28th Clásica San Sebastián - ProT
Spain, August 2, 2008
Alejandro Valverde (Caisse d'Epargne) has won the 28th Clásica San Sebastián with a furious sprint down the Donostia Boulevard to easily hold off Alexandr Kolobnev (Team CSC-Saxo Bank) and Davide Rebellin (Gerolsteiner) in an 11-rider sprint. Rebellin tried several times to escape in the finale, but the winner of 1997 could not shake Valverde, and neither could world champion Paolo Bettini (Quick Step) who made an impressive move over the final climb of Alto De Arkal but eventually finished fourth.
Valverde's Caisse d'Epargne team had the numbers in its favour with Joaquin Rodriguez and Vladimir Karpets pulling hard for their captain in the finale. Valverde will now travel to the Olympic Games with renewed confidence after his hopes of challenging for Tour de France victory went up in smoke.
During a brief interview at the finish line a fresh looking Valverde said he was relieved to have won Spain's biggest one-day classic. "It was very important for me. Last year I finished third and now I really wanted to win."
Things didn't look so good early on when the Spaniard was separated from his team-mates, but half the Caisse d'Epargne team dropped back to pace Valverde up to the lead group. "I felt guilty when I wasn't featuring in the big group despite having six team-mates there," he said.
The changed course with its new final climb of Alto De Arkal impressed Valverde, and his attack there together with Bettini, Rebellin, Samuel Sánchez (Euskaltel-Euskadi) and David Moncoutié (Cofidis) was the decisive one. "It's a tougher finale now with the new climb. I thought we were gone with the five of us but eventually it came down to a sprint. I knew it would be hard against Bettini and Sanchez but I managed to win it."
Despite seeing his man come up short, Gerolsteiner's directeur sportif Reimund Dietzen was full of praise for Rebellin. "That was a super performance from Davide, who really raced exceptionally. Davide tried consistently to get away, but he was closely watched. When the rivals attacked, Davide went with them. That was awesome."
Rebellin himself was happy with the result. "I have seen that my form for the coming events is good," the Gerolsteiner captain said.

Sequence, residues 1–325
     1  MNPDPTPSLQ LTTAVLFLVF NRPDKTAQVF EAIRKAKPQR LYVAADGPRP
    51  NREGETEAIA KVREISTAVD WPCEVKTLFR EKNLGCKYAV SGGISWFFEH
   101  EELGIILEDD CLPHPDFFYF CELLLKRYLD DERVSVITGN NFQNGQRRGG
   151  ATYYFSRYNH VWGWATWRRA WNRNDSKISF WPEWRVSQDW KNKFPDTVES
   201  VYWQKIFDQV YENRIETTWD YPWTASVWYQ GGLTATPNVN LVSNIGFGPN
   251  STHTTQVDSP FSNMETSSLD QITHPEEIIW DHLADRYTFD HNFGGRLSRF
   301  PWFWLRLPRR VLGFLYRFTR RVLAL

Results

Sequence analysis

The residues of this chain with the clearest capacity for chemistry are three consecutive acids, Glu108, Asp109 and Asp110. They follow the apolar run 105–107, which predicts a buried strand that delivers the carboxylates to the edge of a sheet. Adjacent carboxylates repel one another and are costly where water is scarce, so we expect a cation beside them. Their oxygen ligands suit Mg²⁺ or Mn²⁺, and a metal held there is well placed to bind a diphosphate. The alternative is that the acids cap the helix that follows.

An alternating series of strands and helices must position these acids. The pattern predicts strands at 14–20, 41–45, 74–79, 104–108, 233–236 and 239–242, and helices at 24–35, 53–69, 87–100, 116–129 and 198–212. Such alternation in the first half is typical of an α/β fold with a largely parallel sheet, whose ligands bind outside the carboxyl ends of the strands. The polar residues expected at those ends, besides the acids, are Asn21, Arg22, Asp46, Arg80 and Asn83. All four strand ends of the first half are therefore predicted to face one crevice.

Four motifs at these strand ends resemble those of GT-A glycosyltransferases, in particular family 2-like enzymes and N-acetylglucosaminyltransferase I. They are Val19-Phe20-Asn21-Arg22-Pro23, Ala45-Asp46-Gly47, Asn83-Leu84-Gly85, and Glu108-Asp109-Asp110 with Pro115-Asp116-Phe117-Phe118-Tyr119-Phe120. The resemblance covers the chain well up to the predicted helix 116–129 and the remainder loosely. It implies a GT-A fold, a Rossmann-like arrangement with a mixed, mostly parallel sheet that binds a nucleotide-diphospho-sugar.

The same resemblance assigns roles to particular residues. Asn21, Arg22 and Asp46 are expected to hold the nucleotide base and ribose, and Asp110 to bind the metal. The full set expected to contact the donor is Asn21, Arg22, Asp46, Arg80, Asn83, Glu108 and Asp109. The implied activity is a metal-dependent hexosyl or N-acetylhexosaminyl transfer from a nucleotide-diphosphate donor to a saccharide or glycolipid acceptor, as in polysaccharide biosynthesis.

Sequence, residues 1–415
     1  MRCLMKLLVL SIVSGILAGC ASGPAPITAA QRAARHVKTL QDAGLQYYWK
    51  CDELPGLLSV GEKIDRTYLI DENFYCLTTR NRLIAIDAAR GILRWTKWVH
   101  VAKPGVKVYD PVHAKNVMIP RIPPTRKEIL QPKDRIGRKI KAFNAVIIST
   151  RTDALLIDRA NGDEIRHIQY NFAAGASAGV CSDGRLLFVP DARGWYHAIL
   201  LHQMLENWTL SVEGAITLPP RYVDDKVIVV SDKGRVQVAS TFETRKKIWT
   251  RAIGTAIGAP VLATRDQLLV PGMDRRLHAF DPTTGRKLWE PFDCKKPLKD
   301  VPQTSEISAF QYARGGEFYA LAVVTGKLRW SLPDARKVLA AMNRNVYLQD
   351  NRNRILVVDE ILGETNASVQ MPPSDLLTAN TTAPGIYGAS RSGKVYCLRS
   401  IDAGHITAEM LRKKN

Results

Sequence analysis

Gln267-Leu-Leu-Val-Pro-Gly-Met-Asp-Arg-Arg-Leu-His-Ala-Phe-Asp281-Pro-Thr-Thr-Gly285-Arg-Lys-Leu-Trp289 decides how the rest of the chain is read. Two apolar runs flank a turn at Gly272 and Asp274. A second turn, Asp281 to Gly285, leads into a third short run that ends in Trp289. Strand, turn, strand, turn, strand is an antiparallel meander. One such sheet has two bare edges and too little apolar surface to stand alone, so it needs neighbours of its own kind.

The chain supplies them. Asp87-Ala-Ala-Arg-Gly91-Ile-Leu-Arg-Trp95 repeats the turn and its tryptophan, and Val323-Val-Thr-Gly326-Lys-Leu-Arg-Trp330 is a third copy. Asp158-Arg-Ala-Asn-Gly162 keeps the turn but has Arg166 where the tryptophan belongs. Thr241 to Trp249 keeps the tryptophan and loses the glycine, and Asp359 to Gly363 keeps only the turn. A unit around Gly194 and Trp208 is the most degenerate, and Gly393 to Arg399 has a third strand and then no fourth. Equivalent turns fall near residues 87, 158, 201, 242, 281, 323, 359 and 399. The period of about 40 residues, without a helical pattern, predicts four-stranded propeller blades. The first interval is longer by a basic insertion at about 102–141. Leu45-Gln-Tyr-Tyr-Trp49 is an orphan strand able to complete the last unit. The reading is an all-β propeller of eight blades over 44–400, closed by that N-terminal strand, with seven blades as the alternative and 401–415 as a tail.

Damiano Cunego (Lampre) lost his ProTour lead after finishing almost ten minutes down. The Italian abandoned the Tour de France after a heavy crash and was still feeling the effects today. "I had headaches," said Cunego, who promptly withdrew from the Italian Olympic team after the race.
David De La Fuente (Scott-American Beef) did what he does best and collected an impressive 31 points over the six climbs, taking out the mountains classification for the day. He won the first four climbs, the Orio, the Garate, the Azkarate and the Udana. Many of those who had gathered points in the early part of the race didn't actually finish. However, De La Fuente fought on to 16th place, 1'33 down on the winner.
After only 70 kilometres a group of 46 riders broke away. What was left of the peloton was soon discouraged and abandoned in its entirety! The next selection came on the category one Alto de Jaizkibel where Kolobnev was the first to attack. Others followed and the jumping took its toll until a decimated group of less than 30 approached the final climb of the day, the Alto De Arkal.
Bettini made an impressive jump near the top while several favourites, including Alberto Contador, were dropped and a group of 12 formed. On the descent Bettini tried once more and he was joined by Rebellin, Sánchez, Moncoutié and Valverde, but the quintet was brought back on the flat run-in to San Sebastián.
Several quick attacks followed, often involving Rebellin. First the Italian joined Moncoutié, then went again with Yaroslav Popovych (Silence-Lotto). But Caisse d'Epargne had the numbers and quickly reeled in the attackers. A group of 11 (Caisse's Joaquin Rodriguez had dropped back after pulling hard for Valverde) arrived at the sprint together and Valverde was clearly the strongest.
Thank you for reading 5 articles this month* Join now for unlimited access
Enjoy your first month for just £1 / $1 / €1
*Read 5 free articles per month without a subscription
Join now for unlimited access
Try your first month for just £1 / $1 / €1